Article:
IMPORTANCE The genome of influenza A virus is organized into eight viral ribonucleoproteins (vRNPs); this provides evolutionary advantages but complicates genome packaging. Although it has been shown that RNA packaging sequences and specific amino acids in the viral nucleoprotein (NP), both components of each vRNP, ensure selective packaging of one copy of each vRNP per virus particle, the required RNA-RNA and RNA-NP interactions remain largely elusive. We identified that the genome packaging mechanism tolerates the mutation of certain individual RNA packaging sequences, while their combined mutation provokes distinct genome packaging defects. Moreover, we found that seven specific amino acid substitutions in NP impair the function of RNA packaging sequences and that this defect is partially restored by another NP amino acid change. Collectively, our data indicate that packaging of the influenza A virus genome is controlled by a redundant and plastic network of RNA/protein interactions, which may facilitate natural reassortment processes.

  • The Alphavirus E2 Membrane-Proximal Domain Impacts Capsid Interaction and Glycoprotein Lattice Formation [Structure and Assembly]

  • Alphaviruses are small enveloped RNA viruses that bud from the host cell plasma membrane. Alphavirus particles have a highly organized structure, with a nucleocapsid core containing the RNA genome surrounded by the capsid protein, and a viral envelope containing 80 spikes, each a trimer of heterodimers of the E1 and E2 glycoproteins. The capsid protein and envelope proteins are both arranged in organized lattices that are linked via the interaction of the E2 cytoplasmic tail/endodomain with the capsid protein. We previously characterized the role of two highly conserved histidine residues, H348 and H352, located in an external, juxtamembrane region of the E2 protein termed the D-loop. Alanine substitutions of H348 and H352 inhibit virus growth by impairing late steps in the assembly/budding of virus particles at the plasma membrane. To investigate this budding defect, we selected for revertants of the E2-H348/352A double mutant. We identified eleven second-site revertants with improved virus growth and mutations in the capsid, E2 and E1 proteins. Multiple isolates contained the mutation E2-T402K in the E2 endodomain or E1-T317I in the E1 ectodomain. Both of these mutations were shown to partially restore H348/352A growth and virus assembly/budding, while neither rescued the decreased thermostability of H348/352A. Within the alphavirus particle, these mutations are positioned to affect the E2-capsid interaction or the E1-mediated intertrimer interactions at the 5-fold axis of symmetry. Together, our results support a model in which the E2 D-loop promotes the formation of the glycoprotein lattice and its interactions with the internal capsid protein lattice.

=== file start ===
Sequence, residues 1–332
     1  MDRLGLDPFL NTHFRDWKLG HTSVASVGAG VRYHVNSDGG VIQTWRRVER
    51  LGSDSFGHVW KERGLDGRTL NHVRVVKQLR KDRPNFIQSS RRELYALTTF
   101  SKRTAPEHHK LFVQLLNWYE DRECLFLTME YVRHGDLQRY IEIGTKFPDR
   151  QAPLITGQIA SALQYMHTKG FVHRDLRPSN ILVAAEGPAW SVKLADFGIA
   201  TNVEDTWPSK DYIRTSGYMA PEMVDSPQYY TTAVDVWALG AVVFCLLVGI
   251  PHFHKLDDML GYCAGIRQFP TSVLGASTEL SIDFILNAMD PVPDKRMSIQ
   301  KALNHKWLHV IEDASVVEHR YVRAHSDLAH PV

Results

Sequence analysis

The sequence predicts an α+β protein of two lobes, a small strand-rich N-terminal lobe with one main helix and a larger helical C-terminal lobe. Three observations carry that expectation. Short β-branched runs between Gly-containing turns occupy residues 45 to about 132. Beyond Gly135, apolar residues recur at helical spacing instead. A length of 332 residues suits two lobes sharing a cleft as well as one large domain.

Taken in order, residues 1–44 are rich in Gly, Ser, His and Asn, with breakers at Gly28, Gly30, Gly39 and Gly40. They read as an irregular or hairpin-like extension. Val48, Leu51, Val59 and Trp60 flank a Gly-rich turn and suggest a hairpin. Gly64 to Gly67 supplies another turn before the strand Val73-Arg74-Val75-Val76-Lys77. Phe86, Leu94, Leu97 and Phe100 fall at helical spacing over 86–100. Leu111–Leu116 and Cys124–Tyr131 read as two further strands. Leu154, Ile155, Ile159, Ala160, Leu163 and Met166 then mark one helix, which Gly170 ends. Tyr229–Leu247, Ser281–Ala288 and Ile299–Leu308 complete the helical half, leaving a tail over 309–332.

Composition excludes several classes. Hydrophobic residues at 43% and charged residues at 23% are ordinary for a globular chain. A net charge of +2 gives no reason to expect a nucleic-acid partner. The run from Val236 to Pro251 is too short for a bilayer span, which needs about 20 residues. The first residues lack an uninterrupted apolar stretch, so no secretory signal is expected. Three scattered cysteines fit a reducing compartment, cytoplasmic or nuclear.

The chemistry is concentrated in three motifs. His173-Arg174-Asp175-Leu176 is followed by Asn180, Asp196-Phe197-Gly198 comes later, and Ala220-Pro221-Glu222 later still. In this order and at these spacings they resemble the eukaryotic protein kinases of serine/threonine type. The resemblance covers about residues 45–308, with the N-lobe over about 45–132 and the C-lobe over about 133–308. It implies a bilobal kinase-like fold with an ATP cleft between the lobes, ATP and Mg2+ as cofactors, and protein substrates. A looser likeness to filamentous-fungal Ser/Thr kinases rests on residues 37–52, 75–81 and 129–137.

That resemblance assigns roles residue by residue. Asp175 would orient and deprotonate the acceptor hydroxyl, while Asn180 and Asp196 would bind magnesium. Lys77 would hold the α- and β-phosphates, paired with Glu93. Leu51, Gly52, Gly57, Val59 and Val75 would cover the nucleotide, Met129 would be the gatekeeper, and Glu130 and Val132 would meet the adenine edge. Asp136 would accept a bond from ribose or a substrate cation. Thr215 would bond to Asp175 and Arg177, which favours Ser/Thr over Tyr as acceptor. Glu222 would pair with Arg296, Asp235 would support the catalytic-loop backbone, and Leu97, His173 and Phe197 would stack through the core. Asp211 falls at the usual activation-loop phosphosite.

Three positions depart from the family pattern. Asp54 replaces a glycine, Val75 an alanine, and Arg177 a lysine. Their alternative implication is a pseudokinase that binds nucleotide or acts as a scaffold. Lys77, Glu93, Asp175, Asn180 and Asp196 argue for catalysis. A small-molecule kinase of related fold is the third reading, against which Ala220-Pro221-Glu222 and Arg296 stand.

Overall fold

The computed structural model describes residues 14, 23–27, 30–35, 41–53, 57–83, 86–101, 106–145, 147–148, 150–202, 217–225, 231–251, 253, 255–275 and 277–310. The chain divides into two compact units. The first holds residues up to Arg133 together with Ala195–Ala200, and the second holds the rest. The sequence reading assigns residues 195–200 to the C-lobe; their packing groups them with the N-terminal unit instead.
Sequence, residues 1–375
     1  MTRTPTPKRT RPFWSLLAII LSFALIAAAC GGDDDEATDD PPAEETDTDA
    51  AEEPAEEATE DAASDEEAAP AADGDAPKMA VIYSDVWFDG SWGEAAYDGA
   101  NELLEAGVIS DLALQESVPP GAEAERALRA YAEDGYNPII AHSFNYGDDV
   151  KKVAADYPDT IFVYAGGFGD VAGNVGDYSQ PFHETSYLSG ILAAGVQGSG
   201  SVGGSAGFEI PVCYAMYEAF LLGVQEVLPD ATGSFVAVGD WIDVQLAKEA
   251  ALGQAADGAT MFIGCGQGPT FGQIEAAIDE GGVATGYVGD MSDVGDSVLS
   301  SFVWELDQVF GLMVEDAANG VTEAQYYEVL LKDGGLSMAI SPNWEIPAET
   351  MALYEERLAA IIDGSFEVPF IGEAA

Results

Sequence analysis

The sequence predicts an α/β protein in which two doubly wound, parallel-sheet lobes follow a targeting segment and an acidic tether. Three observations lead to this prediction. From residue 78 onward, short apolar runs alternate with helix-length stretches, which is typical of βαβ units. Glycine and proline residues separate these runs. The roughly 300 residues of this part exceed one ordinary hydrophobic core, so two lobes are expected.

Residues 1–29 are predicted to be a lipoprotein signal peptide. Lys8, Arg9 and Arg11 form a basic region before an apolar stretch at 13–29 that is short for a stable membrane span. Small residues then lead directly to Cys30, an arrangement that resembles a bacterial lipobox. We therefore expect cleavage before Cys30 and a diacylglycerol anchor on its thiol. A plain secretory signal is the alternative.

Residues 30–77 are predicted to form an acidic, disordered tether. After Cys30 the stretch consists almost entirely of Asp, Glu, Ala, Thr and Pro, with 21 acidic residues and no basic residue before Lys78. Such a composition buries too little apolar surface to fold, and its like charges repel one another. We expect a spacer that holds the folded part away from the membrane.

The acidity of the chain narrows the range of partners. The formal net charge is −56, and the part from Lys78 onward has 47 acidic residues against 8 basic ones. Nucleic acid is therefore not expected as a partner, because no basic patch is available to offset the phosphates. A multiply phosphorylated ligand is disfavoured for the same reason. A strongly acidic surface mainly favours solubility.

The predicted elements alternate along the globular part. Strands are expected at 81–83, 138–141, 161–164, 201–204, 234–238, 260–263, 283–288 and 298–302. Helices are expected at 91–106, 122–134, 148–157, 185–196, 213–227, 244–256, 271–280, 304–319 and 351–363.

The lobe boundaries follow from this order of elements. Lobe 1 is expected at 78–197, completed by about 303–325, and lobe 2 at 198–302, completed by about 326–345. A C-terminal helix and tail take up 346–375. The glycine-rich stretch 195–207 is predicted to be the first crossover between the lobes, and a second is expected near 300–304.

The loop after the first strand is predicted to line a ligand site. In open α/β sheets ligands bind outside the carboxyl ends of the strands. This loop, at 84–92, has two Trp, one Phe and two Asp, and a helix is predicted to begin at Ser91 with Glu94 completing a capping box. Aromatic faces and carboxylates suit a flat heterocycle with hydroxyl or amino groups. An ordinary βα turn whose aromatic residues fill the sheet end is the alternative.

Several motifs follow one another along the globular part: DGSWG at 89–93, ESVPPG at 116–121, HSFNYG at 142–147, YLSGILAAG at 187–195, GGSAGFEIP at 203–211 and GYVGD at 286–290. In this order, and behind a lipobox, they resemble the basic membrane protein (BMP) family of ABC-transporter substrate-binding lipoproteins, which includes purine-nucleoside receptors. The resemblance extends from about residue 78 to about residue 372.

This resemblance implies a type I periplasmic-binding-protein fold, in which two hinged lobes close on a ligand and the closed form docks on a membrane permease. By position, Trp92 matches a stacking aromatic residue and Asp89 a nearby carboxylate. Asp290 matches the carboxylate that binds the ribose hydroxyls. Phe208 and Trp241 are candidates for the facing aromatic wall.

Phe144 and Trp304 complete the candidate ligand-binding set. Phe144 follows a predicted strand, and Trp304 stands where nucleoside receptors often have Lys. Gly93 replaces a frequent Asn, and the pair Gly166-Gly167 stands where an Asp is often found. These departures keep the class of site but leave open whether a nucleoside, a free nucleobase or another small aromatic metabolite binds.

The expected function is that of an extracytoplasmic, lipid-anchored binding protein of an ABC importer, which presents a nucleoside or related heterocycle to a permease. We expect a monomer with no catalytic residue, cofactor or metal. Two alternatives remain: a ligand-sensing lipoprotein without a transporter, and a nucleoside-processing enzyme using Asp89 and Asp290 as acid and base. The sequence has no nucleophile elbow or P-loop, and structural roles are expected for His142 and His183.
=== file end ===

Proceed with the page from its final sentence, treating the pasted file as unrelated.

IMPORTANCE Alphaviruses include important human pathogens such as Chikungunya and the encephalitic alphaviruses. There are currently no licensed alphavirus vaccines or effective antiviral therapies, and more molecular information on virus particle structure and function is needed. Here, we highlight the important role of the E2 juxtamembrane D-loop in mediating virus budding and particle production. Our results demonstrated that this E2 region affects both the formation of the external glycoprotein lattice and its interactions with the internal capsid protein shell.